It may be why we began to associate higher temperatures with warmer colors, lower sound pitches with less elevated positions, or colors with the flavor of particular foods. A new paper argues that such unconscious 'crossmodal' associations with our sense of smell can even affect our perception of colors.
Lead author Dr Ryan Ward, a senior lecturer at Liverpool John Moores University, and colleagues tested for the existence and strength of odor-color associations in 24 adult women and men between 20 and 57 years of age. The participants were seated in front of a screen in a room devoid of unwanted sensory stimuli for the duration of the experiments. They wore no deodorants or perfumes, and none reported being color-blind or having an impaired sense of smell.
All ambient odors in the isolation room were purged with an air purifier for four minutes. Then one of six odors (chosen at random from caramel, cherry, coffee, lemon, and peppermint, plus odorless water as a control) was broadcast into the room with an ultrasonic diffuser for five minutes.
“In a previous study, we had shown that the odor of caramel commonly constitutes a crossmodal association with dark brown and yellow, just like coffee with dark brown and red, cherry with pink, red, and purple, peppermint with green and blue, and lemon with yellow, green, and pink,” explained Ward.
Participants were presented with a screen that showed them a square filled with a random color (from an infinite range) and were invited to manually adjust two sliders – one for yellow to blue, and another for green to red – to change its color to neutral grey. After the final choice had been recorded, the procedure was repeated, until all odors had been presented five times.
Overcompensating for unconscious associations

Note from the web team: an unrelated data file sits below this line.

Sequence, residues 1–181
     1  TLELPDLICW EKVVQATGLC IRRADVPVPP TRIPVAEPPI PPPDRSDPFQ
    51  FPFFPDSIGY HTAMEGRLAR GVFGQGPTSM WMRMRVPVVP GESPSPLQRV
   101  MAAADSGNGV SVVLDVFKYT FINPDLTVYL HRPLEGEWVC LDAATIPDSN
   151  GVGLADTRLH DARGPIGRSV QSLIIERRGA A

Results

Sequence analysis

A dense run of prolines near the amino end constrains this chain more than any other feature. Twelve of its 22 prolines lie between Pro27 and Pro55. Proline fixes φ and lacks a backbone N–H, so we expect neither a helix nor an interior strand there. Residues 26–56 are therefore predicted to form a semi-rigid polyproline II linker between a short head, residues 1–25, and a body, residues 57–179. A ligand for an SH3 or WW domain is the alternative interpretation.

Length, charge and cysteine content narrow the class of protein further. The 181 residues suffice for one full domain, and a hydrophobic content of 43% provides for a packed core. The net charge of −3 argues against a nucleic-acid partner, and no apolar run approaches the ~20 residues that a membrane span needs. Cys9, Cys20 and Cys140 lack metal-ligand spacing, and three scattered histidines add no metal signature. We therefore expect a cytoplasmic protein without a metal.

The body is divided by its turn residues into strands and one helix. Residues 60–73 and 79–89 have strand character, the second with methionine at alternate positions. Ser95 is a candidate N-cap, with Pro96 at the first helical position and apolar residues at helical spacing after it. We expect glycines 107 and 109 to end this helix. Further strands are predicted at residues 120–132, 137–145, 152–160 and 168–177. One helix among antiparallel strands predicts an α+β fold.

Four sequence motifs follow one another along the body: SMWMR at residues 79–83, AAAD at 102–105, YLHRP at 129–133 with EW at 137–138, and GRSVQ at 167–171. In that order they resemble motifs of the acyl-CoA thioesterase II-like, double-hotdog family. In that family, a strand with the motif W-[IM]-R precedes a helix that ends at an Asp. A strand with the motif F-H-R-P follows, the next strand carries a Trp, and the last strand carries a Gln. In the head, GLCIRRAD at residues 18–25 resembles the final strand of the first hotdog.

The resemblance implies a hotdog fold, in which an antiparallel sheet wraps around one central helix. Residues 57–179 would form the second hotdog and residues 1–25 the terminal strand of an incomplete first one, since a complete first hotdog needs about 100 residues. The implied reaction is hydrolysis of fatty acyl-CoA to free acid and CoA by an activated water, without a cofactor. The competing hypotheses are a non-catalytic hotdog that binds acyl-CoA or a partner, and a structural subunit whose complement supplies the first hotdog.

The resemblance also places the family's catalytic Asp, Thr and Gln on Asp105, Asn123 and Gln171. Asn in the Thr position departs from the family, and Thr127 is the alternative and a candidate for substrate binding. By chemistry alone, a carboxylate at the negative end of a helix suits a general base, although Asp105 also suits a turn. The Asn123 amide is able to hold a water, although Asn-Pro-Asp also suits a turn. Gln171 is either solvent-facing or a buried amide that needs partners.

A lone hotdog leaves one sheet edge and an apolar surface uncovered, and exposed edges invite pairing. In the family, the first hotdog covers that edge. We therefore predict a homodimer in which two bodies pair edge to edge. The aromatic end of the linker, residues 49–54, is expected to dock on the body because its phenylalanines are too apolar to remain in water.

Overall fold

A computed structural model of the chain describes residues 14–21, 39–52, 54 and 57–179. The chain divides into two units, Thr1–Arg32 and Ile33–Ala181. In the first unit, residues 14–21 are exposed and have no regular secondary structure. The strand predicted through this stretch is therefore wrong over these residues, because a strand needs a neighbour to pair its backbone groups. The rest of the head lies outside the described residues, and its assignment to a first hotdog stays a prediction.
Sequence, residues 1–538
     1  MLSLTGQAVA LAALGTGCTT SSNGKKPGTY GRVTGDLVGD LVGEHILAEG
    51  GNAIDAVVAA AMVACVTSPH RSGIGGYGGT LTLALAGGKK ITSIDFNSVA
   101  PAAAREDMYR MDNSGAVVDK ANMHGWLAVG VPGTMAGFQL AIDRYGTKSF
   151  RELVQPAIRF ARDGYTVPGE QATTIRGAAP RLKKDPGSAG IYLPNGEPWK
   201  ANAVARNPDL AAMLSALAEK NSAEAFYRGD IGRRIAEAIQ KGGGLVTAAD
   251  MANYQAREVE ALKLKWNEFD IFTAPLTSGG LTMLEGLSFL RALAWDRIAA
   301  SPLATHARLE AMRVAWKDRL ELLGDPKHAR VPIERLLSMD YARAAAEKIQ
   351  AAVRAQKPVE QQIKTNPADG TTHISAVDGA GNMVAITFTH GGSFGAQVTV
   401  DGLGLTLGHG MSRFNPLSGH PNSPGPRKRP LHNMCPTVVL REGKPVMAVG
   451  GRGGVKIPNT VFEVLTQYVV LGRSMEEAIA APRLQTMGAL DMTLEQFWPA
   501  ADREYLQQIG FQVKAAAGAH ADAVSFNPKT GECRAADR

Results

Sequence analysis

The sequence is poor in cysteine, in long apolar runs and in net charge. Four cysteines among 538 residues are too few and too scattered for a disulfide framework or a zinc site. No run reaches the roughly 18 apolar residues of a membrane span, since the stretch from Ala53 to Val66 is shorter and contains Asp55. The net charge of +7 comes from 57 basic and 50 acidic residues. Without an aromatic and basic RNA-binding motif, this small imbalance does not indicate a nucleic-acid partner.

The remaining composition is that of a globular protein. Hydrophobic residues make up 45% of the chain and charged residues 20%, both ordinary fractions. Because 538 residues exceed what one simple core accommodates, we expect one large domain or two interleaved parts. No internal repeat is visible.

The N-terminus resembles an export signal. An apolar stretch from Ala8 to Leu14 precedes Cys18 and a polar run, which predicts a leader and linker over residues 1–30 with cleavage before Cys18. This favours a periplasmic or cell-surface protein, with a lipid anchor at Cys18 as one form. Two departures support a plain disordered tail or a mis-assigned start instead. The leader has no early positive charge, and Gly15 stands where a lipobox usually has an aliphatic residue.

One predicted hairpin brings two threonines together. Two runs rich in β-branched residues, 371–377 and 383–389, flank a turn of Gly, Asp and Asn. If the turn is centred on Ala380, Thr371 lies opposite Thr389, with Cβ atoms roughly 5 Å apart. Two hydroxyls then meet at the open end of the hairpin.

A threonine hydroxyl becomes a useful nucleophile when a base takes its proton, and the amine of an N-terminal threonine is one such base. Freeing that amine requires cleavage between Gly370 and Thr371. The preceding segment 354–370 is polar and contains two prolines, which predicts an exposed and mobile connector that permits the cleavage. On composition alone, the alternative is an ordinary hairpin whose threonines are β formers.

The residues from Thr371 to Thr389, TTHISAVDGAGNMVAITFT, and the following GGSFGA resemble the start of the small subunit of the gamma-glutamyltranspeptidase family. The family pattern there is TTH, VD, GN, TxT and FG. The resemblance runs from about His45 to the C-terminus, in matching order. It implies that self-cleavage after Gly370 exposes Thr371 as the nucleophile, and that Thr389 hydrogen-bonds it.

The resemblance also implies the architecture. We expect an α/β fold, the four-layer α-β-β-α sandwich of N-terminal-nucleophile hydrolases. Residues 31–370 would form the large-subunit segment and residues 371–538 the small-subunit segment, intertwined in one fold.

The results showed that participants had a weak but significant tendency to adjust one or both of the sliders too far away from neutral grey. For example, when presented with the odor of coffee, they wrongly perceived ‘grey’ to be more of a red-brown color than true neutral grey. Likewise, when presented with the odor of caramel, they wrongly perceived a color enriched in blue as grey. The presence of the smell thus distorted the participants’ color perception in a predictable manner.
An exception was when the odor of peppermint was presented: here, the participants’ choice of hue was different from the typical crossmodal association demonstrated for the other odors. As expected, the participants’ selection likewise corresponded to true grey when presented with the neutral scent of water.
“These results show that the perception of grey tended towards their anticipated crossmodal correspondences for four out of five scents, namely lemon, caramel, cherry, and coffee,” said Ward.
“This 'overcompensation' suggests that the role of crossmodal associations in processing sensory input is strong enough to influence how we perceive information from different senses, here between odors and colors.”
Is it real? That is not known, nor how far-reaching such crossmodal associations between odors and colors are.
“We need to know the degree to which odors influence color perception. For example, is the effect shown here still present for less commonly encountered odors, or even for odors encountered for the first time?” said Ward.